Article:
After taking the final construction photos, I wandered across Lokanthali to do my final day's teaching at Jana Premi Lower Secondary School. I had missed the previous 3 days but the kids weren't expecting me to turn up on a Monday so it was a great surprise for them when that happened.
My parents (thanks) had sent an advent calendar to me and I used that prop as an opportunity to teach the kids all about Christmas and what it means to us in the Western World. It was really interesting to see what they knew about Christmas - they were aware of Christmas trees but not Santa Claus, but they also knew that it is traditionally a celebration of the birth of Jesus which was quite impressive.
So for each class, I did something similar - a little bit of whatever the teacher wanted me to teach, then I hijacked the lesson to show them the advent calendar and get them to shout suggestions as to what Christmas means. For the younger kids I wrote a paragraph on the blackboard then helped them read it out.
Finally, I would explain that this is my last day, and show them photos of Warminster and Stonehenge, and my parents, to explain what I'd be going back to. Slightly embarrassing when they looked at the photo of my parents and asked 'which one is father?'. The photo was of Mum and Dad hiking so they were dressed quite similar - but it mused that in the same way that many Nepalis look similar (to the untrained Western eye), we all must look quite similar to them!
Children in Grade 7 enjoy the advent calendar and give an enthusiastic farewell!
Much more enthusiasm from the Grade 4s though!
Saying goodbye to the Grade 5s and some of the teachers.
When I got back to the main school after descending the slope to see the Grade 4s and 5s, I found that the Grade 7s had spent all of their time preparing some blessings and goodbye notes! I was blindfolded and led into the classroom, where suddenly I was covered in flowers, various greetings thrust into my hand and then dragged outside for more photos! What a goodbye...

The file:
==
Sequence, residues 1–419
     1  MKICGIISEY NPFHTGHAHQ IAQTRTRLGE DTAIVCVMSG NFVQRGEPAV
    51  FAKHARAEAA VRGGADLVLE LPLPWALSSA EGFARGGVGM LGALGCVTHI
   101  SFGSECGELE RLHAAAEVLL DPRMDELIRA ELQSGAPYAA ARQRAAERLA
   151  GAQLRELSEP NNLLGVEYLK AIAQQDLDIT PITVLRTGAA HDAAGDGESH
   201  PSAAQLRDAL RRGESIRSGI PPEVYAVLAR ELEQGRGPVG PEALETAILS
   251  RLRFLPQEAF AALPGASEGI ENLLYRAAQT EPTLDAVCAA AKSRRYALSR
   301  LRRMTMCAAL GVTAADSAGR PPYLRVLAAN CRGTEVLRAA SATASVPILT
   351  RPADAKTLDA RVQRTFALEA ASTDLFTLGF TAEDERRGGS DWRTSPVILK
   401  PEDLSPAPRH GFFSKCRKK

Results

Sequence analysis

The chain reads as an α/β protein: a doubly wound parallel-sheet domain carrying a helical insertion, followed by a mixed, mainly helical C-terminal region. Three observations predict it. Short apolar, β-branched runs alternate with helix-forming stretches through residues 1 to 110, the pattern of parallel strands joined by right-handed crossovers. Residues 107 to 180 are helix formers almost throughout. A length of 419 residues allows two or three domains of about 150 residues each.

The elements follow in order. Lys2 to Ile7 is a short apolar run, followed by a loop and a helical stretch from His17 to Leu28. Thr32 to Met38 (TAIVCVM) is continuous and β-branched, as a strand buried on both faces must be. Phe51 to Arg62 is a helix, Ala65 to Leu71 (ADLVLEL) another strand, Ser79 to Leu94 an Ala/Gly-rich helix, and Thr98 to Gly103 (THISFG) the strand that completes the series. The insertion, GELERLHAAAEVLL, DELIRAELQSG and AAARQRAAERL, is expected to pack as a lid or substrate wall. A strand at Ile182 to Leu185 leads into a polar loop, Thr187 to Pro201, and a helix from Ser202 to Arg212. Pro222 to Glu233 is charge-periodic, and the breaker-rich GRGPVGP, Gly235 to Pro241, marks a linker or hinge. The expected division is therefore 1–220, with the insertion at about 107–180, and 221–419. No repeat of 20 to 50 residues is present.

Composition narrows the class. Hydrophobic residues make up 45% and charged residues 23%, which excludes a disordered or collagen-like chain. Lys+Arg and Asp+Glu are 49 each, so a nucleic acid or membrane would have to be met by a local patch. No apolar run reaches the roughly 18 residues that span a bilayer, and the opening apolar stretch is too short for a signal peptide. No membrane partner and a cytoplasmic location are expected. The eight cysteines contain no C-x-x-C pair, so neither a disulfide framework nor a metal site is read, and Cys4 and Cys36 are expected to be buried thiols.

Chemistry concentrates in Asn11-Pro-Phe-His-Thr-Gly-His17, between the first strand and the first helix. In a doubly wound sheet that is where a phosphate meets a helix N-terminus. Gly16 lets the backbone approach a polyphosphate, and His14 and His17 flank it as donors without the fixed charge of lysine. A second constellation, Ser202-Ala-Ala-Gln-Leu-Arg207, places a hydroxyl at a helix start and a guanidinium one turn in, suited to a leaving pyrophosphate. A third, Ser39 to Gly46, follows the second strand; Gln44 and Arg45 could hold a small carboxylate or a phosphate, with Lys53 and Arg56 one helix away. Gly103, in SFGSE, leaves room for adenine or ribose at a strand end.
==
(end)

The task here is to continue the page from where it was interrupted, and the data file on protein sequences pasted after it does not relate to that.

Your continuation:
Upon examining the notes I found a concerning proportion of marriage proposals and 'I love you Colin sir' notes! But also pleasing were the Union Flag and a small paper plane saying 'please design this sort of aircraft'.
And finally I bade farewell to the Grade 8s, only slightly more subdued.
Teaching at Jana Premi was probably the most rewarding thing I'd done during my volunteer placement - I was really glad that I went out of my way to spend 4 weeks there, giving the children some English education when on many occasions the teachers didn't actually turn up! I think that when the teachers were there, I spent almost as much time helping them with teaching techniques and improving their own English - with the exception of one teacher, they couldn't really hold a conversation. And having one child at the front yelling out two words at a time from a book, to have them yelled back at them call-and-response style by the rest of the class, does nothing to improve their pronunciation!
But how lovely it was to get to learn about 100 Nepali kids over that time. They all had such different characters, and while I didn't admit to learning any of their names (and be accused of favouritism), there were many kids there who I am sure will go far in the future. Which, especially in a Government school for the least well-off kids, is a great thing for Nepal.